Getting to know transistors

Some students had a bit of a problem getting good behaviour from the transistor familiarisation exercise.
When I got home, I tried it using a single 9V battery as the power supply. My circuit is as follows: (CLICK TO ENLARGE)

transistor intro 1

The red power rail was powered by the 9V battery.

The positive rail went into the long leg of the LED which was attached to a 2.2 k ohm (red red red, gold = 22×10^2 = 2200 ohms) resistor then into the collector pin of the transistor (the right most pin on the diagram). The middle pin, the base, went through a 100 k ohm resistor (brown black yellow, gold) resistor and the yellow arrow was just  a jumper wire that could connect the other end of the 100 k ohm resistor to the 9V rail, hence pumping current through the base. The green wire was just a jumper from the emitter to the ground rail. When I connected the yellow jumper to 9V the collector -> emitter path opened and the LED light up quite well. I was using the ‘fatter’ LED.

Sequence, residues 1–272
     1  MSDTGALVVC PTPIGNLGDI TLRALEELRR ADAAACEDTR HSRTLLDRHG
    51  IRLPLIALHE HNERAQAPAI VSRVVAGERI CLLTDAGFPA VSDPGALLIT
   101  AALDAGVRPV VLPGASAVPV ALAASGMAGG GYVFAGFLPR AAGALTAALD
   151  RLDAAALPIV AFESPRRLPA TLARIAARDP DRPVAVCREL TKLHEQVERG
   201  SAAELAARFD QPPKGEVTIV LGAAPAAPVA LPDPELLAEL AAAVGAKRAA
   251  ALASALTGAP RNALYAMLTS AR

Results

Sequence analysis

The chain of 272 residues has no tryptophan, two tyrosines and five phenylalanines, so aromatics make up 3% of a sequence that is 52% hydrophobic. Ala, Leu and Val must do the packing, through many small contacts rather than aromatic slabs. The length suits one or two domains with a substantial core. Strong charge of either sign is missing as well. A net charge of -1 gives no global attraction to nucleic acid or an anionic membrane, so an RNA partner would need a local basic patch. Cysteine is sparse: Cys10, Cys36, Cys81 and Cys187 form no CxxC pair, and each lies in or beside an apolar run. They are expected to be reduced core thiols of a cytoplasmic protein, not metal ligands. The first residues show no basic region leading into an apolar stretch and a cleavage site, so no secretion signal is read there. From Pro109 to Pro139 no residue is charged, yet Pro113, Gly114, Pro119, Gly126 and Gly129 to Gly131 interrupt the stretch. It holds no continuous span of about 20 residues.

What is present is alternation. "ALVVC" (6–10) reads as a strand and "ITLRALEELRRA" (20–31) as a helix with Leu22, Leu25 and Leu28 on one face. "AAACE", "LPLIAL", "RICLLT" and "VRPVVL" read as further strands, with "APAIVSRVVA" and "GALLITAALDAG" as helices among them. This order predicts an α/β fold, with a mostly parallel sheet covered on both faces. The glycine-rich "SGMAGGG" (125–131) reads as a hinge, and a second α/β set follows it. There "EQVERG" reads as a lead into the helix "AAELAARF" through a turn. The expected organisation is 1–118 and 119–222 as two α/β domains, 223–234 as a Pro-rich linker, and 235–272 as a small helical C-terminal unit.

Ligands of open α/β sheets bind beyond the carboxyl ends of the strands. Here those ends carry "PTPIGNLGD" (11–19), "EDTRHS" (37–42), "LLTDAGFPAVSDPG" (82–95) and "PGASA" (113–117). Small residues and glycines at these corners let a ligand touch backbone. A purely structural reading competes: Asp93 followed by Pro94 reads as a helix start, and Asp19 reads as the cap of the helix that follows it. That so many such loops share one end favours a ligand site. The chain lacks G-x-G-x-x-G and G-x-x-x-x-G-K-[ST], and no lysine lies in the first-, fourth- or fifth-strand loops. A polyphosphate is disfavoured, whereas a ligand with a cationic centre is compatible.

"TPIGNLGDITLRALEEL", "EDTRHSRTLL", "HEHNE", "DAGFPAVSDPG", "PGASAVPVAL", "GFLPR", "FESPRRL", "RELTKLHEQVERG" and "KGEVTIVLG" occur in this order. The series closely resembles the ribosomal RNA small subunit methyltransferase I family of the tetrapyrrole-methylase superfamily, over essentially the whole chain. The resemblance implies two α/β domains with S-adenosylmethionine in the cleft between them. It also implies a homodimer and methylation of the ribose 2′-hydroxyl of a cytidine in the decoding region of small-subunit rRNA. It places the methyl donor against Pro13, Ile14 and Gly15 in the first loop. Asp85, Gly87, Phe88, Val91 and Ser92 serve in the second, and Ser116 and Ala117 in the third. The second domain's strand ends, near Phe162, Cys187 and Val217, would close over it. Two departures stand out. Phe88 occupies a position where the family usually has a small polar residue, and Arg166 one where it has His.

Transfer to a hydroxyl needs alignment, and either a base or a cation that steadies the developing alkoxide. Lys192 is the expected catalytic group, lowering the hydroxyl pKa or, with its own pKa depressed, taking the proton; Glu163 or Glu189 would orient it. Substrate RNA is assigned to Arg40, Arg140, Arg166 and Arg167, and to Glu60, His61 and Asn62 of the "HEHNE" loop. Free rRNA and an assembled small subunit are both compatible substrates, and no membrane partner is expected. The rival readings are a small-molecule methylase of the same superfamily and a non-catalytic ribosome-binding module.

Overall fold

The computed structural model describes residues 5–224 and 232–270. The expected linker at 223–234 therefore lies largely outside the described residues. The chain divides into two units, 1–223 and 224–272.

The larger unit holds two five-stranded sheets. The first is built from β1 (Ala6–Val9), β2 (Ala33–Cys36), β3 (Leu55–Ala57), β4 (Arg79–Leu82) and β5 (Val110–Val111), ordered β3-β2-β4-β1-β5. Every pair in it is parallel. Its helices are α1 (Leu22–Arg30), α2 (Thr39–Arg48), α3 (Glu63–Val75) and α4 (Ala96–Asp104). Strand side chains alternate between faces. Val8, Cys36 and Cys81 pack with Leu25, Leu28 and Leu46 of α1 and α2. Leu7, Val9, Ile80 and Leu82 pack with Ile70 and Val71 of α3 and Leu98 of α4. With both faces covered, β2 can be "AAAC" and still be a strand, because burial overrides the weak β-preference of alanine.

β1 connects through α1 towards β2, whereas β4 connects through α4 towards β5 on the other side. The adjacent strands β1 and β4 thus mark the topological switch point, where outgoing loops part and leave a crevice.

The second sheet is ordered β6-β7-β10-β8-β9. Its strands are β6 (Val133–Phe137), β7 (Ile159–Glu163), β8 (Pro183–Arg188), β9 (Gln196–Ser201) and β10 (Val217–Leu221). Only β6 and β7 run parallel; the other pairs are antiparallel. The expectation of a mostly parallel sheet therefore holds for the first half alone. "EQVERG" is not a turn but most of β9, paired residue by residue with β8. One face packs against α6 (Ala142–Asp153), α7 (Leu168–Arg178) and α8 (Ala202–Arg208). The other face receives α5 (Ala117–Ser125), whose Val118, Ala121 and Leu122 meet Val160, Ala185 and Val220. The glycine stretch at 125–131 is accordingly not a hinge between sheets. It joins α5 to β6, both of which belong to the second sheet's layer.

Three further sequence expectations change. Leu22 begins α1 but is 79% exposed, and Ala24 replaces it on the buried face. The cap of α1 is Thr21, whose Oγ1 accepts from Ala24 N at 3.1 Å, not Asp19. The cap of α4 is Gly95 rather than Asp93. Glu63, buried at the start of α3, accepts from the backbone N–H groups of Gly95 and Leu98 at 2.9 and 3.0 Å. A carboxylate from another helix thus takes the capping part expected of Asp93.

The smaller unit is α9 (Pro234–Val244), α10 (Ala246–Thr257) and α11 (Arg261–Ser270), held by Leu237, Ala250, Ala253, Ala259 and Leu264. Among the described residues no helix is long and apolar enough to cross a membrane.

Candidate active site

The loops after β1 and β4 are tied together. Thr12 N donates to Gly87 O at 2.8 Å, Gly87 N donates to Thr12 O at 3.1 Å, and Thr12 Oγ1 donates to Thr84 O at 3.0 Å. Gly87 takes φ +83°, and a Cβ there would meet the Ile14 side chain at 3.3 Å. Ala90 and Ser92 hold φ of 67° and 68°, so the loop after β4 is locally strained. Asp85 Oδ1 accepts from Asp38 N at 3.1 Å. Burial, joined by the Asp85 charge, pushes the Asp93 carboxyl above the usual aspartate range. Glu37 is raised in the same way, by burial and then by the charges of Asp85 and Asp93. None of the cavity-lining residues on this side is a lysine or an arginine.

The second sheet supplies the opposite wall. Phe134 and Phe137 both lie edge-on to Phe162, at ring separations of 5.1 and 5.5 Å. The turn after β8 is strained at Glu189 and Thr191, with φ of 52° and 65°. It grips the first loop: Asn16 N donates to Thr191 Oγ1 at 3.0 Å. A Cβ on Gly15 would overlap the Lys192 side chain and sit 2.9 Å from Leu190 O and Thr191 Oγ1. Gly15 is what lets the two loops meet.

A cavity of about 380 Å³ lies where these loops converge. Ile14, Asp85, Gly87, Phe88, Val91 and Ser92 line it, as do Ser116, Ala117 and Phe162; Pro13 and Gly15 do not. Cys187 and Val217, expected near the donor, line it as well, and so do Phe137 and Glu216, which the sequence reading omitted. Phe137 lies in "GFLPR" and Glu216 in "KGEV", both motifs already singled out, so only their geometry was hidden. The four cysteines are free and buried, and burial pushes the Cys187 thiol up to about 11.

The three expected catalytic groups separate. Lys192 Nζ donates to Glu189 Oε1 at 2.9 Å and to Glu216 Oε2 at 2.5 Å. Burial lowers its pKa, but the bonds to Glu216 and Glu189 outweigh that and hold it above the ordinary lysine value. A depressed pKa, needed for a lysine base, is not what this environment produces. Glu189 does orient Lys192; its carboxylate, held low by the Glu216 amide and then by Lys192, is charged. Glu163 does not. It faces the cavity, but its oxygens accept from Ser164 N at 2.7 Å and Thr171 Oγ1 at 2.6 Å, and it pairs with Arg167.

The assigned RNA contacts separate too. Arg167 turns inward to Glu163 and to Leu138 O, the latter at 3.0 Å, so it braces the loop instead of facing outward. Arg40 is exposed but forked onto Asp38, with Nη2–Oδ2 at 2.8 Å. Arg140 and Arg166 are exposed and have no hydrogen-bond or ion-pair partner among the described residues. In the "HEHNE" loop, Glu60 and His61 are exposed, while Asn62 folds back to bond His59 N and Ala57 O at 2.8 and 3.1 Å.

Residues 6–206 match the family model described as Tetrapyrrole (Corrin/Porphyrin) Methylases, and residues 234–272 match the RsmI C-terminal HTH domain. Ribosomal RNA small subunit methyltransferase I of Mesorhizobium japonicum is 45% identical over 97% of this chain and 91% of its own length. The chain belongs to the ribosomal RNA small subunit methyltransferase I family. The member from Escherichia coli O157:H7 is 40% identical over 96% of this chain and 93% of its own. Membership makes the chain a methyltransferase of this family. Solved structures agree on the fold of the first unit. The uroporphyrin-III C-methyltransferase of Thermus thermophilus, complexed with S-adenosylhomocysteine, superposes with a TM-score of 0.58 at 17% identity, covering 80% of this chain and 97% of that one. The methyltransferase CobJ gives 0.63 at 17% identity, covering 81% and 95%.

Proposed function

The LED still had some, but only a little, bit of light shining when then the base pin wasn’t connected to anything but it wasn’t much. Hence I think the power supply packs you were using had some ‘issues’ and are forcing through some current through the LED into the emitter at ground. Try the 9V battery and you’ll get a better result than you did in the meet-session.

Actually I then inverted the transistor so the “collector” was at ground and the emitter had the 9V, LED and 2.2 k ohm resistor on it, and it worked even better than before with almost zero light coming from the LED at all.

So try the circuit. Also try it with a 5V supply (you may need to reduce the resistor values accordingly – i.e. reduce their values by approx 5/9 of its previous value.

Maybe we need a power regulator on the power pack.

Anyway… Keep trying….. and learning.

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One thought on “Getting to know transistors

  1. In the nest session I’d like to start playing with the incredibly useful 555 timers. So please complete the transistor familiarisation exercises in the manual and pre-read the 555 timer info. You could also pre-assemble a 555 timer circuit. I would advise using the variable resistor for the control resistor, so we can manually adjust the signals the 555 timer spits out.

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